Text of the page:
More than once a Marine has approached me wanting to discreetly discuss a medical issue. Usually their first question is whether any information will be shared with command leadership. The response to this question is not a simple “yes” or “no.” Privacy must be respected, but the command needs to be notified if a patient presents a risk to themselves, others, or the mission. Often there is a lot of discretion left to the provider on how to handle these situations.
What do you do when someone discloses a preexisting medical condition? Take, for example, a Marine who admits he was diagnosed with Wolff-Parkinson-White syndrome several years before. He is fully functional and exercises every day but sometimes experiences palpitations. By regulation, this is a disqualifying condition and he should not be deployed. From a medical perspective, he warrants evaluation by an electrophysiologist and possibly an ablation procedure, which could be curative. At the same time, the chances of him developing a fatal arrhythmia while on deployment are small. In all likelihood he could finish out this deployment without any problems. Additionally, this particular Marine’s absence would create a significant leadership gap if he were to be sent home, not to mention the tax dollars that would then be spent to fly out a Marine to replace him. In the end, there is no way to reliably predict what will occur, but a judgment call must be made.
Perhaps it is wrong to consider what effect medical decisions will have on a unit’s operational readiness. Some would argue that medical decisions should be made solely with the patient in mind. While there is some merit to this, I believe military medical providers must strike a balance between what is good for the unit and what is good for the patient. I cannot make my decisions in a vacuum: I have to consider how my decisions and interventions will affect my unit’s warfighting ability. Sometimes this means going against a patient’s wishes. Sometimes it involves bending regulations in extenuating circumstances. Just as often, though, I must make medical decisions that my command leadership does not support. Going against a superior officer is difficult but can be necessary for a patient’s sake. In many ways I act as a liaison between the medical and operational communities, which means I need to be well-versed on both sides.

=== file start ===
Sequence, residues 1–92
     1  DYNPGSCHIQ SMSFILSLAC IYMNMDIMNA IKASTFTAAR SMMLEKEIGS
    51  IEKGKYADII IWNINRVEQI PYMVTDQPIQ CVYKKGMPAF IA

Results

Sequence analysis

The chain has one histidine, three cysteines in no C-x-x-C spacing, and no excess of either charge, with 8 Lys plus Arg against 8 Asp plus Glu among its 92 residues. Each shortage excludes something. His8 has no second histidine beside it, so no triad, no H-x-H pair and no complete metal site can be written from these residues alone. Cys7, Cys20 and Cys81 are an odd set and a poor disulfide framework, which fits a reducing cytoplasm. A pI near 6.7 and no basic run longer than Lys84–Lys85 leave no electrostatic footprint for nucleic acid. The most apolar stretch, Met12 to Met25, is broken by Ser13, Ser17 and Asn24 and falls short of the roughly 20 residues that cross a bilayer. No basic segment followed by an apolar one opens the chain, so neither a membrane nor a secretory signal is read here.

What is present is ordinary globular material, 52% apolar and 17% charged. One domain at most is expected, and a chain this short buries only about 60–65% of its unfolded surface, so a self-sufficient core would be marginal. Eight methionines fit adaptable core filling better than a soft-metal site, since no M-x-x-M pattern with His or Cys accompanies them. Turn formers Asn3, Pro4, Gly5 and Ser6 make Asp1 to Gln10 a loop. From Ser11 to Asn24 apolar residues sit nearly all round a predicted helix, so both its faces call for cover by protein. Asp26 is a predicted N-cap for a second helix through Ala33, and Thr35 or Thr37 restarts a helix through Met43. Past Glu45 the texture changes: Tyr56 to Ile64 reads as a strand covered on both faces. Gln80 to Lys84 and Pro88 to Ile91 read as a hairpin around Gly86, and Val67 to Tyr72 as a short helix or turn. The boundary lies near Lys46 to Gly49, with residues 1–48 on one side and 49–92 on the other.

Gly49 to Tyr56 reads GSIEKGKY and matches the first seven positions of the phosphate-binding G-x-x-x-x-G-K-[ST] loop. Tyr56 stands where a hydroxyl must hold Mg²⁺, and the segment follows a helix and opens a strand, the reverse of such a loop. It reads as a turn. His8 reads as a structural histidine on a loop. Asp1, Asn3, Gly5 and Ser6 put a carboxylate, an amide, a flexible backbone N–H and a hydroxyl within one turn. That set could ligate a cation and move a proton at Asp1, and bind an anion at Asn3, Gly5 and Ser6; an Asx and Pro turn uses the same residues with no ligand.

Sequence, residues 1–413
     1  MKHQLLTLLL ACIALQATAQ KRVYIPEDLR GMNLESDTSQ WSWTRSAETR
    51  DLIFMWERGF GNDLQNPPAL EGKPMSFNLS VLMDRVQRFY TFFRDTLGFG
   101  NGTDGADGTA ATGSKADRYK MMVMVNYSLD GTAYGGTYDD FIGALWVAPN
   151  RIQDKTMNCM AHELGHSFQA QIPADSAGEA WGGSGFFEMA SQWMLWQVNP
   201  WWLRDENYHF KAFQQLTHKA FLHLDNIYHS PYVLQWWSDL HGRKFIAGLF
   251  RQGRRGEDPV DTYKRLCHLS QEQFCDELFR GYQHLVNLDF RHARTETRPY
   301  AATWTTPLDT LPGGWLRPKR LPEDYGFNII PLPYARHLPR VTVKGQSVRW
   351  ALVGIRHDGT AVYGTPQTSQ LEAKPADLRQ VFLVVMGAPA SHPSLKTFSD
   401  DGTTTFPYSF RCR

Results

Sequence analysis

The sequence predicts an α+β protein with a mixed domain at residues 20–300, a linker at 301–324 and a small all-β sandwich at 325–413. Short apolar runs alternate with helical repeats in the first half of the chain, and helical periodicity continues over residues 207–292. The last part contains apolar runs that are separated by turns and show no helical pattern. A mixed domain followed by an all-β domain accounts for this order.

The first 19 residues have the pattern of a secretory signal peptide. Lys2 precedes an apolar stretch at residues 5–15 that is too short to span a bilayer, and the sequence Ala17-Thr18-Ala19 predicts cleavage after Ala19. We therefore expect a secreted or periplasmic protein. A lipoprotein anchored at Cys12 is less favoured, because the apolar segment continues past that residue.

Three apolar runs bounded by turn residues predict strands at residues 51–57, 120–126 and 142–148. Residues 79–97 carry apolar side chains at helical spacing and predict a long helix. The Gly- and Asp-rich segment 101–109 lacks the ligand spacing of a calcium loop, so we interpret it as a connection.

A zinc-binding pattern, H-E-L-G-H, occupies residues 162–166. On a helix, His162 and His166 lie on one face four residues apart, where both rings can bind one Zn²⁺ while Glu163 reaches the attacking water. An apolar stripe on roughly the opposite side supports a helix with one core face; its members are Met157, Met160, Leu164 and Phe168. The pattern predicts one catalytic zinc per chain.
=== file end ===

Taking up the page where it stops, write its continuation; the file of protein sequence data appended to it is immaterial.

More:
Working with a Marine Corps infantry battalion has been an eye-opening experience. Some days are difficult, physically and emotionally. Learning to navigate between the medical and military communities has been an exercise in adaptability and mental fortitude. The greatest reward is becoming part of a brotherhood that has stood the test of time for more than 200 years. I am not a Marine. I do not hold a rifle in battle. In reality, I am an outsider within my unit. But I feel a sense of belonging here that I have felt nowhere else. My career as a military medical provider is only just starting, and I consider it an honor and a privilege to be where I am now. I would exchange this experience for nothing. Semper Fi.